Second, Ram killed Bali, the valiant monarch of the monkeys, by shooting a deadly arrow at him from behind a bush. Bali had done him no harm. When the dying Bali asked Ram why he had committed this act, Ram could offer no cogent answer.
Third, unable to vanquish the valorous Indrajit or Meghnad, Ravan’s son, who had defeated Ram and Lakshman twice in straight and fair battles, Ram sanctioned a crafty and cowardly assassination at the behest of the gods and his friend, Vibhishan, Ravan’s brother. The latter told him that Meghnad became invincible after his worship of Siva (Nikumbhila Yagna) each morning, and hence had to be killed before he could perform the ritual. Accordingly, Vibhishan guided Lakshman secretly to the prayer ground where Indrajit was readying himself for the yagna, and there Lakshman killed his unprepared and defenceless foe. Meghnad’s frantic appeal to be allowed to bring his weapons was brushed away. In despair, Indrajit hurled his implements of worship at Lakshman, the bells and conch shells. One recalls the moving depiction of Meghnad’s helpless valour in his last hours by the Bengali poet, Michael Madhusudan Dutt, in his epic Meghnadbadhkavya.
Fourth, even more questionable than all the acts above, Ram decreed the agnipariksha of Sita, the epitome of conjugal devotion, after his victory in the war. He took this outrageous step to clear any doubts his subjects could raise against Sita because she had spent months as a captive in Ravan’s palace, in Ashokvan, to be specific.
Fifth, even after returning to Ayodhya, Ram’s disquiet concerning Sita persisted. And again, to quash the uncomfortable whisperings of his subjects, he directed Sita, by then pregnant, to leave Ayodhya. Sita’s steadfast devotee, Lakshman, took her to the forest, where she found refuge in Valmiki’s ashram.
Sixth, after the birth of Lava and Kush, Sita returned to Ram’s court in Ayodhya with the twins, who chanted paeans to Ram, but the latter vacillated even then. Unable to tolerate this last insult, Sita invoked Mother Earth to take her back to her breast. The soil cracked and Sita entered her last refuge. As Motilal commented: “Sita’s spirited exit was her last act of defiance.” Motilal’s iconic predecessor, Ishwar Chandra Vidyasagar, ended his masterly literary text, Sitar Banabas (Sita’s Exile), with the following lines: “A repository of all virtues, Sita was an exemplary woman… but no other woman experienced such sorrow, such deprivation.”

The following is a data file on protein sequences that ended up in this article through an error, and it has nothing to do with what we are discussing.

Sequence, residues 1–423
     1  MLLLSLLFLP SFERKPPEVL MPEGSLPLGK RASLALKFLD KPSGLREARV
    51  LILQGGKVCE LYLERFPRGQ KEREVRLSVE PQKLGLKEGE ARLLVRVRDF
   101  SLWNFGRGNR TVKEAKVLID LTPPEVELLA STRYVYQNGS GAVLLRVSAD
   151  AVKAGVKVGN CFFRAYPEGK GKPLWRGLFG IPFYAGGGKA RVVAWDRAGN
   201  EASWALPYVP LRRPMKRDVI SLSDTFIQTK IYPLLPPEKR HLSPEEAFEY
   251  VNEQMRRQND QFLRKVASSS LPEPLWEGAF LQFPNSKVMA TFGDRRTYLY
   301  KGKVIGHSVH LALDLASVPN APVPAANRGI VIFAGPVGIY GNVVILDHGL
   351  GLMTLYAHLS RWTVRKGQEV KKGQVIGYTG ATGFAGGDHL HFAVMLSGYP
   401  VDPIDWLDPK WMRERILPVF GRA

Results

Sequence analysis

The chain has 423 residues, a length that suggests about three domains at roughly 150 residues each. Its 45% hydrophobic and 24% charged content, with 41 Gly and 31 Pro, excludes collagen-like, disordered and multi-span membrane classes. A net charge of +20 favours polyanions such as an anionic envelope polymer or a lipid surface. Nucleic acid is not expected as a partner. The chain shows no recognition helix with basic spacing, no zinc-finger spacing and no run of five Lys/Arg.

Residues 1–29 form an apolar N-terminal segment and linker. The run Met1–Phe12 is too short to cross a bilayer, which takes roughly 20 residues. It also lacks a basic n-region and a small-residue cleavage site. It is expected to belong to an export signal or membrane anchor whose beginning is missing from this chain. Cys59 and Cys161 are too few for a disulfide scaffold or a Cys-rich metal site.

Michael Madhusudan Dutt was thoroughly irreligious and Vidyasagar was a confirmed rationalist and agnostic. I fear that if the Sangh Parivar wrests power in West Bengal, it will remove Meghnadbvadkavya from the syllabus. It was selected as one of the three deathless texts of Bengali literature by Professor Gayatri Chakravorty Spivak and the late poet and scholar Sankha Ghosh. Dutt had no love to lose for, in his words, “Ram and his rabble”.
In a letter to his dear friend, Rajnarayan Basu, Dutt declared, “People grumble and say that the heart of the poet is with Meghnad and the rakshasas. And that is the real truth. I despise Ram and his rabble; but the idea of Ravan elevates and kindles my imagination; he was a grand fellow.”
- A staggering sum of more than Rs.1,800 crore has been spent to erect the Ram Mandir in a poor nation where poverty is rampant.
- As a virulent form of religious bigotry becomes the rule of the day, it is good to examine whether Ram was really the paragon of virtues that he is made out to be.
- The polarisation began with L.K. Advani’s rath yatra in 1990. It unleased violence all over north India.
The controversial hero
Since the 1940s, the Sangh Parivar has devoted its might and resources to sanctify this “controversial” Maryada Purushottam. The icon of Hindutva, Veer Savarkar, for instance, claimed that the real history of India began with Ram’s coronation in Ayodhya. The Parivar converted a mythical figure into a historical figure, picked out the dilapidated Babri Masjid as the birthplace of Ram, and at the dead of night, surreptitiously placed an idol of Ram inside the mosque. Thereafter, they claimed that this human act was an example of divine intervention.